Brent P. England left the Vigo County Courthouse a free man Wednesday afternoon after spending almost a year behind bars in the Vigo County jail.
A 12-member jury rejected the prosecution’s claim that England killed his friend Jackie Lee “JB” Berry Jr. on Dec. 16, 2008, at a duplex on White Oak Lane on Terre Haute’s northwest side.
Berry’s body has never been found, and neither has a murder weapon. England was arrested March 6, 2009 at his parents’ home in West Union, Ill., and was charged with murder in Berry’s disappearance.
Family members and friends of both Berry and England waited anxiously during about four hours of jury deliberation, and the jury returned to a packed courtroom monitored by more than 20 uniformed and plainclothes police officers.
An outburst of emotion came from the Berry family when Judge Michael Lewis read the verdict.
“The devil’s gonna get you all,” uttered a man in the back of the courtroom in the direction of the England family.
“The Lord will take care of him come judgment day,” was the quiet statement of Connie Berry, mother of JB, as she got up to leave the courtroom.
“We’re pleased with the verdict,” defense attorney Joseph Etling said after the courtroom was nearly empty, “and we appreciate how attentive the jurors were in this case. They took their role very seriously, and that is a credit to the entire system.”
Chief Deputy Prosecutor Rob Roberts, who presented much of the evidence in the case with the assistance of Deputy Prosecutor Chou-il Lee, expressed disappointment at the jury’s verdict.
“We knew when the charges were filed without a body being found that it was a hard case,” Roberts told the news media. He spoke for Prosecutor Terry Modesitt, who was not in the county at the time the verdict was returned. Modesitt had been present for closing arguments Wednesday morning, but did not handle any of the case before the jury.
The absence of a body to prove that Berry was murdered was a big obstacle to overcome, Roberts admitted during the press conference, but he emphasized he felt the circumstantial evidence was strong in the case.
“One of the things we had to address in jury selection was, could we find people who didn’t need a body to convict?” he said. The prosecution team felt it was the right time to move forward with the case in an effort to give the Berry family closure, he said, and in an effort to see justice was done for the missing man.
“At this point in time, we know we still have an unsolved homicide or missing-person case,” Roberts said.
He also responded to assertions that the exclusion of testimony from the state’s expert witness on blood spatter hindered the prosecution’s case.
“We didn’t have the spatter expert until shortly before the trial, so that didn’t change the strength of the case we thought we had,” Roberts said. Prior to the trial, the judge ruled in favor of a defense motion against that expert witness’s testimony on the grounds that the prosecution did not meet deadlines for sharing the expert’s information with the defense team.
Roberts commended the efforts of area law enforcement for the hours dedicated to the investigation. He also thanked the Berry family for its patience during the investigation and trial.
Jack Berry Sr. represented his family in a news conference, and said his family was disappointed by the jury’s decision.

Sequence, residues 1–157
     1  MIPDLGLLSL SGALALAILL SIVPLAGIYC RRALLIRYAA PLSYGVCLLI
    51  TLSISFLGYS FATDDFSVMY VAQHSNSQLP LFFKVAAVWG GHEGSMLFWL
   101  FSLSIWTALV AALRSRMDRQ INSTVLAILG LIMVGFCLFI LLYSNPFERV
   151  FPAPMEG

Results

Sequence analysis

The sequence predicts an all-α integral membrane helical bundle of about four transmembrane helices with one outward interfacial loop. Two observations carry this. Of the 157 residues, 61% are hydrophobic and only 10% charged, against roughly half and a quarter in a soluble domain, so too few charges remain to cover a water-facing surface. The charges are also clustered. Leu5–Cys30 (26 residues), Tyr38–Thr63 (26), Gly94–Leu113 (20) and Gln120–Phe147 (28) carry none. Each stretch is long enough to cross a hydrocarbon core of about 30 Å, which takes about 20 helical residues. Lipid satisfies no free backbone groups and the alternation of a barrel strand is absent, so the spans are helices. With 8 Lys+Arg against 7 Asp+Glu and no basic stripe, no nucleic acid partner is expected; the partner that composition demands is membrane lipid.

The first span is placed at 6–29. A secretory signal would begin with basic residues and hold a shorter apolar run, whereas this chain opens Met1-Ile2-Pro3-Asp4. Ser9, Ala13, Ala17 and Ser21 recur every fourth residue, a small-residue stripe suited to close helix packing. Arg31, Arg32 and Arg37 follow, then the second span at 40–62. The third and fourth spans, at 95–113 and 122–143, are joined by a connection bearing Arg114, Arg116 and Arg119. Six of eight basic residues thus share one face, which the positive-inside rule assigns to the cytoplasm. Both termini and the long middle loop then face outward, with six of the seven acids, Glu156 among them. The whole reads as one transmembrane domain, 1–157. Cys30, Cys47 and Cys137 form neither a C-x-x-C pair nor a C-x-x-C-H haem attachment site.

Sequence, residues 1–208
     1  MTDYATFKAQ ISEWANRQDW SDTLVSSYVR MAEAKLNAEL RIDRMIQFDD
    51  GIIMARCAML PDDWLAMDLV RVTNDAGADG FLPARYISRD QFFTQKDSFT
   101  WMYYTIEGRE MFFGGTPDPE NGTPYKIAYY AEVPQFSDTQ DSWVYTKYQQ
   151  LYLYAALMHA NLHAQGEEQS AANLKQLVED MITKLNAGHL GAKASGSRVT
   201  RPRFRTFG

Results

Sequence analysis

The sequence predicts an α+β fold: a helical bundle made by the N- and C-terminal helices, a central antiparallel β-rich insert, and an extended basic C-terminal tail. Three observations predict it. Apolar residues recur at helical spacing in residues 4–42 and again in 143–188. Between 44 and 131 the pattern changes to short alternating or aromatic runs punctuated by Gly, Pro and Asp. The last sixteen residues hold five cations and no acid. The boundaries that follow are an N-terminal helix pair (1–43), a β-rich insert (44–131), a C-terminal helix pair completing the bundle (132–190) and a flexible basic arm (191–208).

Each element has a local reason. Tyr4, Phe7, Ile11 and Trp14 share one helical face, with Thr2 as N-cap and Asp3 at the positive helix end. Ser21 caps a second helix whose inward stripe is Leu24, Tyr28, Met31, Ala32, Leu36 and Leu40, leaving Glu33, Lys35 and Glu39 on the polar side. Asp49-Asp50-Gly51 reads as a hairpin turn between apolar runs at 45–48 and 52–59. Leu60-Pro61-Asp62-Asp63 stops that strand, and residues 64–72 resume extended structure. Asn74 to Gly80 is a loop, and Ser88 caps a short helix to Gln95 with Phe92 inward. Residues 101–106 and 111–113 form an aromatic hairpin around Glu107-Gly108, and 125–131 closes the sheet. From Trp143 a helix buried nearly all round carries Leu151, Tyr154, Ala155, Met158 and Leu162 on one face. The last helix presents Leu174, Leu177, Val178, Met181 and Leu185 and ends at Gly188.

“My reaction is, the jury don’t know what the heck is going on,” Berry said. “I guess life will have to go on. I thought the evidence was overwhelming, myself.”
Berry said he did not know what the next step for his family will be. He said he was hoping for some closure Wednesday, but the absence of his son prevents that.
“I was worried we wouldn’t get closure even if he was found guilty,” he said.
As to what happened to his son, who has not contacted family members or friends since the day he went missing, Berry said he still feels England is responsible for his son’s disappearance.
“I really believe in my heart that he had some help disposing of him,” the father said.
Berry also responded to assertions by the defense team that JB was not a good father to his young son, who lives in Clinton with the boy’s mother.
“JB was an excellent father from the time he found out he [his son] was really his until the time he left,” Berry said. “He even changed diapers when he had him. That’s something I’d never thought he’d do.”
As for his grandson, Berry said he will leave it up to the boy’s mother to tell him that the jury had found England not-guilty of murder.
“It would be hard for me to tell him anything like that,” Berry said.
After six days of testimony, Roberts and Etling both gave their closing arguments to the jury Wednesday morning.
Roberts said that as investigators pursued their missing-person case, they followed the evidence to England. They knew that Berry was going to England’s home on the day he disappeared, that his van was found a few days later a couple of blocks from England’s home, and that Berry’s blood was found in the trunk of England’s car and on a box in England’s garage.
Etling countered that the investigation was anything but thorough, and that numerous leads implicating other people in JB Berry’s disappearance were not followed up on by investigators.
The jury returned to the courtroom with their verdict about 2:30 p.m. Wednesday.
England was released from police custody at the Vigo County jail and left the county accompanied by his family. The England family declined comment when contacted later in the day.
Lisa Trigg can be reached at (812) 231-4254 or email@example.com.
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